North Korea’s nuclear test shows off program built on free labor of the poor

North Korean soldiers turn and look towards their leader Kim Jong Un from a military parade vehicle as they carry packs marked with the nuclear symbol during a ceremony marking the 60th anniversary of the Korean War armistice in Pyongyang, North Korea. File, July 27, 2013. (AP Photo/Wong Maye-E, File)

International monitors detected unusual seismic activity in North Korea on Friday, and within a few hours, state media confirmed suspicions: North Korea successfully conducted their fifth – and largest – nuclear test. Additionally, it is capable of mounting warheads on missiles that could reach South Korea, Japan or U.S. installations in the region.

The implications of North Korea as a nuclear state are disturbing. As the Atlantic put it in 2013, nuclear aggression could lead to “a second Korean War that would make the devastating civil war in Syria pale in comparison.” Just as disturbing, though, are claims that the program is not only being funded at the expense of 12 million people living in extreme poverty, but being built by their free and exploited labor.

North Korea spends less than any other nuclear state on their arms program. That’s because of strict cost-cutting measures.

“Their workforce works for free,” Kim Min-gyu, a former North Korean diplomat who defected in 2009, told Reuters in January. “Except for a few key imported parts, they make everything else.”

According to a 2011 report by Global Zero, an organization campaigning for the elimination of all nuclear weapons, North Korea only spent an estimated $700 million on nuclear arms that year, placing it at the bottom of the list after the estimated $2.2 billion spent by Pakistan. More recent estimates place nuclear spending around $1 billion to $3 billion, Reuters reported.

Still, that’s billions being spent on nuclear power play and not the 12 million people living in extreme poverty within its borders.

Reliable statistics are hard to come by because of the regime’s tight control of information, but that number is from a 2012 report by the Korean Institute for National Unification. It states that roughly half of the 24 million people in North Korea live in extreme poverty, surviving primarily on corn and kim-chi (spicy fermented cabbage – a Korean staple), with limited access to fuel for cooking and heating, and struggling to maintain three meals a day.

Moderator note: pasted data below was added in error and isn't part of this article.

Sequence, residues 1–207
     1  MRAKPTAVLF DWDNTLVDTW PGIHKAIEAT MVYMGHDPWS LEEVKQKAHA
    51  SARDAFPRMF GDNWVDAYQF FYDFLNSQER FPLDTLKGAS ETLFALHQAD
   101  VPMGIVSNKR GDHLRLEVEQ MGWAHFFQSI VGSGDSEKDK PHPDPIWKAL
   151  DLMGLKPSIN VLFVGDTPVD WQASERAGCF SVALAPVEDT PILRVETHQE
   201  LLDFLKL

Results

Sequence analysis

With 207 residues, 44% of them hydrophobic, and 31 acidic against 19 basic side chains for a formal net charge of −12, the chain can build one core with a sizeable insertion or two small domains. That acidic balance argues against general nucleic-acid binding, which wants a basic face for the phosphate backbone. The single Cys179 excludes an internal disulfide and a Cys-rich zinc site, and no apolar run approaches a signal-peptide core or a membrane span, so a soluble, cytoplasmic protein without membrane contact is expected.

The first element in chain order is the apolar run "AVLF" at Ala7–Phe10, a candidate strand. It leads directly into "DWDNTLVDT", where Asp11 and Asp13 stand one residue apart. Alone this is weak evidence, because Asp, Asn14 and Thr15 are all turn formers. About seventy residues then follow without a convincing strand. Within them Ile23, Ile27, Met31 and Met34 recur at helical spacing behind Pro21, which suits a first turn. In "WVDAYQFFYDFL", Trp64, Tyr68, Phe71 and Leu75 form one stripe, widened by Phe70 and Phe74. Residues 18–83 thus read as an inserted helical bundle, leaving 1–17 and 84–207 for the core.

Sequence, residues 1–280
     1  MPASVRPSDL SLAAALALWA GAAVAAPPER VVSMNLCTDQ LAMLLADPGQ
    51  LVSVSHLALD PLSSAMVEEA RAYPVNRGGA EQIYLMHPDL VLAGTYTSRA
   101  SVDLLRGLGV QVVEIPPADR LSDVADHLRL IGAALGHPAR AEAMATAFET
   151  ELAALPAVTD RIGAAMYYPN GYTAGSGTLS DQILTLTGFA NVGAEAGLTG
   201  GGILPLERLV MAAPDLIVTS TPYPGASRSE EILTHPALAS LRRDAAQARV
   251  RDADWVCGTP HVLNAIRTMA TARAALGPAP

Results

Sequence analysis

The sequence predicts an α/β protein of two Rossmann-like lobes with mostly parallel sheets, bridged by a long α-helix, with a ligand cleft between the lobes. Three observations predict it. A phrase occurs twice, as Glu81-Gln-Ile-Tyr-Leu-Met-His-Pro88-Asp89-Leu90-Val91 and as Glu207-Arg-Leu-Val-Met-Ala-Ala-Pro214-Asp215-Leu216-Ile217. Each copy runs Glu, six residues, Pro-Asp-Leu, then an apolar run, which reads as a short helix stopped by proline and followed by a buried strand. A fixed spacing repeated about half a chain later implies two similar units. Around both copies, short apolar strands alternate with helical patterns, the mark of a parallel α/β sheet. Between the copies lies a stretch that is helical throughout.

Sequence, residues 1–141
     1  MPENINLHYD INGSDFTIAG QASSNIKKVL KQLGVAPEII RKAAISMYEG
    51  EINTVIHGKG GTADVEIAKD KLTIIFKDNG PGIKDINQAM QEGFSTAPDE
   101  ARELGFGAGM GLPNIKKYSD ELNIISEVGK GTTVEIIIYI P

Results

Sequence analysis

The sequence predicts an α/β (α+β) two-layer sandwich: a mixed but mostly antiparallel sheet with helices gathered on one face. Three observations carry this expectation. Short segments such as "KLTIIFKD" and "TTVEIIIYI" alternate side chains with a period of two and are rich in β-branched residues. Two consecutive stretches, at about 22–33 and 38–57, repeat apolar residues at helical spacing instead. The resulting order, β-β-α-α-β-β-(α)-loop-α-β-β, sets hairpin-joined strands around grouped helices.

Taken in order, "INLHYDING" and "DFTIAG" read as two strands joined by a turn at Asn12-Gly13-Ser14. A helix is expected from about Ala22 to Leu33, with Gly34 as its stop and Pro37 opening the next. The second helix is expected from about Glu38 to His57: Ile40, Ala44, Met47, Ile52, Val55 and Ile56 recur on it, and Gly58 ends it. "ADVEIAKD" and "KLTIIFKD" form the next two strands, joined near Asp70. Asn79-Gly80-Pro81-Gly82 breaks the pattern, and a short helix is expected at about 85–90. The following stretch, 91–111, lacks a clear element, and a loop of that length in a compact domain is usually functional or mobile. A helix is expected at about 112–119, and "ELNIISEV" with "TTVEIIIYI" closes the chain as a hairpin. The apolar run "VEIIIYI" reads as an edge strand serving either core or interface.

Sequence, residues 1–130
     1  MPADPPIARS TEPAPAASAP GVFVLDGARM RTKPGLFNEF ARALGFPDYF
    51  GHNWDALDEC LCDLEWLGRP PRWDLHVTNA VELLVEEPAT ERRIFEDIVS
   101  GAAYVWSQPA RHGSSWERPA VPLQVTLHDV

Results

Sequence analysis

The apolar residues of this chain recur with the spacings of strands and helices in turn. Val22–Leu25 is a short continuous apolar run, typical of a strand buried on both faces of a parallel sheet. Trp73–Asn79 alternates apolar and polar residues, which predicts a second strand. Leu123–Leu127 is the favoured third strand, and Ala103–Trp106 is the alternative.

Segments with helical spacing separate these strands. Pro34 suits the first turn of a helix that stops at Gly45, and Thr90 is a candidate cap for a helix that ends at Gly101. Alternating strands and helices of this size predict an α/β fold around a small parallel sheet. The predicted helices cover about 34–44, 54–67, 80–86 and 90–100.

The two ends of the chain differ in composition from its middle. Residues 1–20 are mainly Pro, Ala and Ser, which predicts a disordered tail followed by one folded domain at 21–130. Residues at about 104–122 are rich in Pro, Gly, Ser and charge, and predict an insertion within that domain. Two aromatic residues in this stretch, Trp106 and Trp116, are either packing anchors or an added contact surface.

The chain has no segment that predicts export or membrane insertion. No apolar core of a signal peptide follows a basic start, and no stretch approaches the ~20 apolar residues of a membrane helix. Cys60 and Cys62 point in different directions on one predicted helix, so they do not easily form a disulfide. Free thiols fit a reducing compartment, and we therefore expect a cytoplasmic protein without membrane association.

The nuclear program isn’t even creating jobs since most of the labor is free, as Kim Min-gyu pointed out. In fact, human rights groups have criticized the regime for sending laborers abroad to places like Poland and Mongolia under conditions that “resemble indentured servitude,” bringing in $200 million to $300 million a year, the Database Center for North Korean Human Rights told Reuters. 

With a GDP per capita ranking 174th in the world, an official economy worth only $28 billion, and international sanctions tightened as recently as March by the United Nations, it seems the 32-year-old dictator Kim Jong Un has put it on his people to bear the burden of propelling his nuclear arms program at an “unprecedented rate,” this year, according to Reuters.

The blast occurred on the 68th anniversary of North Korea’s founding at 9 a.m. local time and followed closely on the heels of a medium-range missile test on Monday, while global leaders gathered in China for the G20 summit.

Estimates of its yield range from 10 kilotons to 30 kilotons. By comparison, the bomb dropped on Hiroshima had a yield of 15 kilotons. The explosion was recorded as a 5.3-magnitude seismic event.

Amid declarations of “serious consequences” from President Obama and other sharp condemnations from Japan, the EU, Russia and China among many others, one thing seems clear: Neither Obama’s policy of “strategic patience” nor heavy sanctions have discouraged Kim Jong Un’s vision of nuclear power, and he seems eager to pursue it even at the cost of his own people.

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Joanne Lu

Joanne Lu is a South Carolina-based writer and editor dedicated to global development, poverty alleviation and social justice. After a year in Rwanda, she now covers the Asia-Pacific and economics. Find her on Twitter @joannelu or email joanne@humanosphere.com.